Someone told the commanding general that in a convent at this town, there lived a saintly man. At war’s end, the general wanted to go meet this person. “He was accompanied by several pilots… He went to the convent of the Capuchins. As soon as he crossed the threshold of the sacristy, he found himself in front of several friars, among whom he immediately recognized the one who had ‘stopped’ his planes. Padre Pio went forward to meet him, and putting his hand on his shoulder, he said, `So, you’re the one who wanted to get rid of us all!’”

As we meditate on the Ascension of Jesus, to the right hand of the Father in Heaven, let us pray that He would establish justice and peace, in this country and the whole world, in our time.

The 3rd Glorious Mystery:
The Descent of the Holy Spirit at Pentecost

We usually don’t associate India with Christianity, but that nation has over 24 million Christians.  That’s about as many people as live in Texas, our second largest state. If you were to ask them how the faith reached their land they would point to St. Thomas the Apostle.

What led St. Thomas, who at first refused to even believe in the Good News, to travel over 2,500 miles to bring them the Gospel? It was not merely seeing the risen Christ. Jesus knew His disciples would need more to strengthen them then merely their memories of Him. St. Thomas journeyed because the Lord had sent the Holy Spirit at Pentecost, to fill them with gifts, like wisdom, courage, and zeal.

If we are in the state of grace, God the Holy Spirit dwells in us too, and He wants to empower us with His gifts. As we meditate on the descent of the Holy Spirit at Pentecost, let us pray for whatever spiritual gift that we need the most.

The 4th Glorious Mystery:
The Assumption of the Virgin Mary.

No Church, in the East or the West, claims to contain the body of St. Mary. This is because “the Immaculate Mother of God, the ever Virgin Mary, having completed the course of her earthly life, was assumed body and soul into heavenly glory.” This is because Jesus would not suffer Mary, His sinless, faithful beloved, to undergo corruption.

Death is a consequence of human sin, and without human intervention, as in embalming or mummification, our dead bodies will ordinarily experience its corruption. But, sometimes, the Lord preserves the dead bodies of his saints, to give a sign of their holiness, and to show that death is not all that awaits us.

Among the numerous saints whose incorrupt bodies you can still see today are:  St. John Bosco, St. John Vianney, St. Catherine Laboure (the visionary of the Miraculous Medal), St. Bernadette Soubirous (the visionary of Lourdes), and St. Maria Goretti.

As we meditate on the Assumption of the Virgin Mary, let us pray for purity in our lives.

The 5th Glorious Mystery:
The Coronation of Mary as the Queen of Heaven and Earth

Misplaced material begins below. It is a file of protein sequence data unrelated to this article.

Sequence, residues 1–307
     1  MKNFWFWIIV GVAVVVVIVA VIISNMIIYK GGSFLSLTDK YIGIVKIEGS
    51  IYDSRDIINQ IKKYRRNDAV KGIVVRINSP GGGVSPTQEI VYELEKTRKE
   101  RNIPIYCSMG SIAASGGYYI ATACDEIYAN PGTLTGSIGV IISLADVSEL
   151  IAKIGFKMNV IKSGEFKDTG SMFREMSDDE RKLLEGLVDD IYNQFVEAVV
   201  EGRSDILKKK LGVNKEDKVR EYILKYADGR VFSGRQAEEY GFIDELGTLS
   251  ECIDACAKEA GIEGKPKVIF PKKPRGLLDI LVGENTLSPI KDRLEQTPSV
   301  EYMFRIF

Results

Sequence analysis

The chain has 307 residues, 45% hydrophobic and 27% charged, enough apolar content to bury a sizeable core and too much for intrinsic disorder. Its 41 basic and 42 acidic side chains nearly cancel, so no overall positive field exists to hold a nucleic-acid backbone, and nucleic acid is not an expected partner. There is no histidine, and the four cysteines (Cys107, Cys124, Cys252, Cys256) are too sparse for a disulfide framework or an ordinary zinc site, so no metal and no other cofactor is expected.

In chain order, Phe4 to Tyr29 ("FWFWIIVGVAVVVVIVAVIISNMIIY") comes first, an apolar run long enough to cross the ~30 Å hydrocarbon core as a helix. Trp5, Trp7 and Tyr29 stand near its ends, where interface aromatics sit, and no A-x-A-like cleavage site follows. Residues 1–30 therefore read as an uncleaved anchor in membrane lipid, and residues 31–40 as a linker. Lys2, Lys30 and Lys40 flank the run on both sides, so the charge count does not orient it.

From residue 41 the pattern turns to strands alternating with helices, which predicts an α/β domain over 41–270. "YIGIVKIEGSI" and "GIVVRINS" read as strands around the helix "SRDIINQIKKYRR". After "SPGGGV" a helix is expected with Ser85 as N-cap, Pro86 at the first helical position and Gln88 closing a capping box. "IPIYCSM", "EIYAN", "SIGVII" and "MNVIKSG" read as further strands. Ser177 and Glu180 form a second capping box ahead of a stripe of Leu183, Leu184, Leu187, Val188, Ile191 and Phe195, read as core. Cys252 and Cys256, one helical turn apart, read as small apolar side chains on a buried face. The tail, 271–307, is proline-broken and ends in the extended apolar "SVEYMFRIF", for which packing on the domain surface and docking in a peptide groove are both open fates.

Once, when St. Maximillian Kolbe was a boy, his behavior began trying his mother’s patience. She said in exasperation, “Maximillian, what will become of you?” As St. Maximillian writes, “Later, that night, I asked the Mother of God what was to become of me. Then she came to me holding two crowns, one white, the other red. She asked me if I was willing to accept either of these crowns. The white one meant that I should persevere in purity, and the red that I should become a martyr. I said that I would accept them both.” St. Maximillian would receive both crowns, as a holy Franciscan brother, and as a victim of the Nazis at Auschwitz, were he took the place of another innocent man who was condemned to die.

Jesus crowns his holy ones. He wills that those who share in His sacrifice should also share in His glory. As we meditate on the Coronation of Mary, let us pray to accept whatever crowns of burden and glory the Lord wants to give to us.

Checkout Catholic Movies

July 14, 2010

Did you know the St. Vincent DePaul Society just two blocks from St. John’s (location) has a library of Christian movies, books, and CD’s free for checkout? Pick up the films below for a spiritually edifying and entertaining evening:

The Ten Commandments (1956, VHS, 219 min)
Moses faces Pharoah demanding “Let my people go!”
+ Charleton Heston, Yul Brynner, and a cast of thousands
+ Regarded as the greatest Biblical epic of all-time
+ In *Technicolor*!

For another film about a great shepherd of God’s people, I recommend…

John Paul II (2005, DVD, 180 min)
A dramatic biography about Karol Wojtyla, Pope John Paul II
+ Regarded as the best drama about the Great Pope
+ Cary Elwes (The Princess Bride) plays the young Wojtyla
+ Jon Voight stars as Pope John Paul II
— The latter half is better; I suggest skipping to the conclave

For another film about a character who becomes a new man midway into the film, I recommend…

Becket (1964, VHS,  150 min)
St. Thomas Becket’s conversion makes him King Henry II’s enemy
+ Good dialogue, verbal sparring
+ A great excommunication scene
+ Teaches that personal conversion is possible

For another film with another English Thomas crossing with another King Henry, I most highly recommend…

A Man for All Seasons (1966, DVD, 120 min)
St. Thomas More’s conviction makes him King Henry VIII’s enemy
+ Won Best Picture, Actor, Director, Cinematography
— This title can be mistaken for another starring Charlton Heston
+ Brilliant dialogue, drawn from More’s own words
+ My all-time favorite film, it’s almost perfect…
— Gives More a pride at heart inconsistent with his character
+ Teaches the awesomeness and the attractiveness of virtue